Supplemental Jewish education, more commonly known as Hebrew school, is a well-known source of tension in many families. Casey Breton’s delightful middle-grade novel places this fact of Jewish life at the center of an engaging and serious story. When parents themselves are unsure about the source of their commitment to Jewish identity, children are quick to sense hypocrisy. Going Rogue presents this conflict, while at the same time assuring young readers that resistance to their parents’ demands is reasonable, a sign of maturity and independence.
Ten-year-old Avery Green succinctly identifies what Hebrew school is in his life — a “dream-crusher.” He lives in a community with few Jewish families and his most intense interests are science, football, and Star Wars. Not only do these interests offer no connection to after-school religious classes, they even conflict with them both in his schedule and in his values. Avery’s parents are not traditionally observant, and they have not been able to construct a compelling argument for Jewish education. The opportunity to meet other Jewish kids and an amorphous sense of connection with famous Jews, from Sandy Koufax to Albert Einstein, fail to impress Avery. Worse, the irrational nature of religious belief directly contradicts his understanding of the universe. Even Avery’s beloved grandmother, Bubs, offers what seems to be the most evasive answer: “Don’t worry, bubeleh. When you’re my age, you’ll understand.”
When Avery is finally allowed to participate in football, he interacts with two peers who are polar opposites. Damon is aggressive and cruel, egged on by a father obsessed with winning and proving his toughness at any cost. Gideon, both a teammate and a fellow Hebrew school student, is the perennial outsider — socially awkward, physically uncoordinated, and oddly unwilling to defend himself. One of Breton’s achievements in the novel is to allow these characters to develop, avoiding clichéd conclusions about their nature and their potential to change. Avery’s Hebrew school is also full of quirky individuals, in particular Rabbi Bob, who leads by example and shares Avery’s love of Star Wars. Even when Avery challenges the apparent tribalism of Jewish social cohesiveness, Rabbi Bob is patient and understanding. After all, if adults constantly tell children to judge people as individuals, how can ethnicity or religion determine human connections? Avery is not hostile or antagonistic; Breton’s narrative skill frames his reasoning as a natural response to adults who have not come to terms with their own doubts.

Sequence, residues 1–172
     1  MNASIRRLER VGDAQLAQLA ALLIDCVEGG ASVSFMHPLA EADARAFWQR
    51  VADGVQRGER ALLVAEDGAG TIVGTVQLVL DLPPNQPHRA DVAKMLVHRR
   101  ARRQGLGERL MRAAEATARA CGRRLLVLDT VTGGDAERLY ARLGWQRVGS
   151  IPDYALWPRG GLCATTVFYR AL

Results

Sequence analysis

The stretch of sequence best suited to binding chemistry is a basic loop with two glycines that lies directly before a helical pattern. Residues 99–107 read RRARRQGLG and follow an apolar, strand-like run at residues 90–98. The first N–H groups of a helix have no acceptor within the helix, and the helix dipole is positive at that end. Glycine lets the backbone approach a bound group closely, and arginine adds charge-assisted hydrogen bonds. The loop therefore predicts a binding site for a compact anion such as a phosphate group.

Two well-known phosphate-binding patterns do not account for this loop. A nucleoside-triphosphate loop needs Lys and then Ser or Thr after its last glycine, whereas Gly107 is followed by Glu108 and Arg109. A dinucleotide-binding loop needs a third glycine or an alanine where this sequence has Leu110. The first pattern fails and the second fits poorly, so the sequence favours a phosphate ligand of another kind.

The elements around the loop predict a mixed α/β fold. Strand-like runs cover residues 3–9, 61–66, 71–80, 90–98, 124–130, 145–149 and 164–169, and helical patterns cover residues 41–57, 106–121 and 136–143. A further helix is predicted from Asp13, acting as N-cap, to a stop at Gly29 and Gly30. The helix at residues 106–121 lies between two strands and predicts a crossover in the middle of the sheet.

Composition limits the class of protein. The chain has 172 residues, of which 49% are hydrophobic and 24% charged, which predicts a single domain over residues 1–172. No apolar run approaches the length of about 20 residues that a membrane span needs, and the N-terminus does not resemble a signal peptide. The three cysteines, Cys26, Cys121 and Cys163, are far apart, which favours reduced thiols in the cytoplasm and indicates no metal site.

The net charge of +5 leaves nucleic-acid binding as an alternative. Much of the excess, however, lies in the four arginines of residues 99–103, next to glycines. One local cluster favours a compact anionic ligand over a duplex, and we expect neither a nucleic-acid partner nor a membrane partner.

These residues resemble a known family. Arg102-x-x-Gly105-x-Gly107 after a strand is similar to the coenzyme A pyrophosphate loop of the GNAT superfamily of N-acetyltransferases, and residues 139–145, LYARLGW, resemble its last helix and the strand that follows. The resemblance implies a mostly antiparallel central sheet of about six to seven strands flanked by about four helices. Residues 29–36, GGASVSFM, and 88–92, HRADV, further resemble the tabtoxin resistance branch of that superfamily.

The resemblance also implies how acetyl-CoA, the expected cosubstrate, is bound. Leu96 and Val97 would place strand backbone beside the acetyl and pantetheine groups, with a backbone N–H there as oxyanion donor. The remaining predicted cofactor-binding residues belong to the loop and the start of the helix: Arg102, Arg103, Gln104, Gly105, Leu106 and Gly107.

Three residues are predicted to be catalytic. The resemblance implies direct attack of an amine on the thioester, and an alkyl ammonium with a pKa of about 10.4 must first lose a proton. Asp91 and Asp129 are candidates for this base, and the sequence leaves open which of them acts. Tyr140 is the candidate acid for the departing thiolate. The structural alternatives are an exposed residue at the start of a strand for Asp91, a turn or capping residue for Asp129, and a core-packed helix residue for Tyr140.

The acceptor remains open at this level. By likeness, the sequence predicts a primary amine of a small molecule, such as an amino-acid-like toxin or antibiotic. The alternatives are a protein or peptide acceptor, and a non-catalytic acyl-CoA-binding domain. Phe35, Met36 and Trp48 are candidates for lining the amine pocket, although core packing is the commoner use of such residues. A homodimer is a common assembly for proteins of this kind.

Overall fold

Avery’s experiences in Hebrew school and in football force him to think about what it means to be a friend, a member of his family, and of his community. Gradually, Hebrew school begins to seem less irrelevant, and more of a potential resource for his developing moral compass. Gideon’s previously irritating qualities become converted into a kind of wisdom and his eccentric grandpa, Yapa, becomes a powerful provider of unconditional love. Even Avery’s parents’ concerns and their attachment to Jewish continuity seem less arbitrary. Rabbi Bob’s status as a Jedi to his students is not rooted just in his possession of a genuine lightsaber, but in his ability to make Jewish traditions real and meaningful. Casey Breton’s novel is a thoughtful exploration of what it means to consciously choose, with the help of role models, a Jewish path in life.
Emily Schneider writes about literature, feminism, and culture for Tablet, The Forward, The Horn Book, and other publications, and writes about children’s books on her blog. She has a Ph.D. in Romance Languages and Literatures.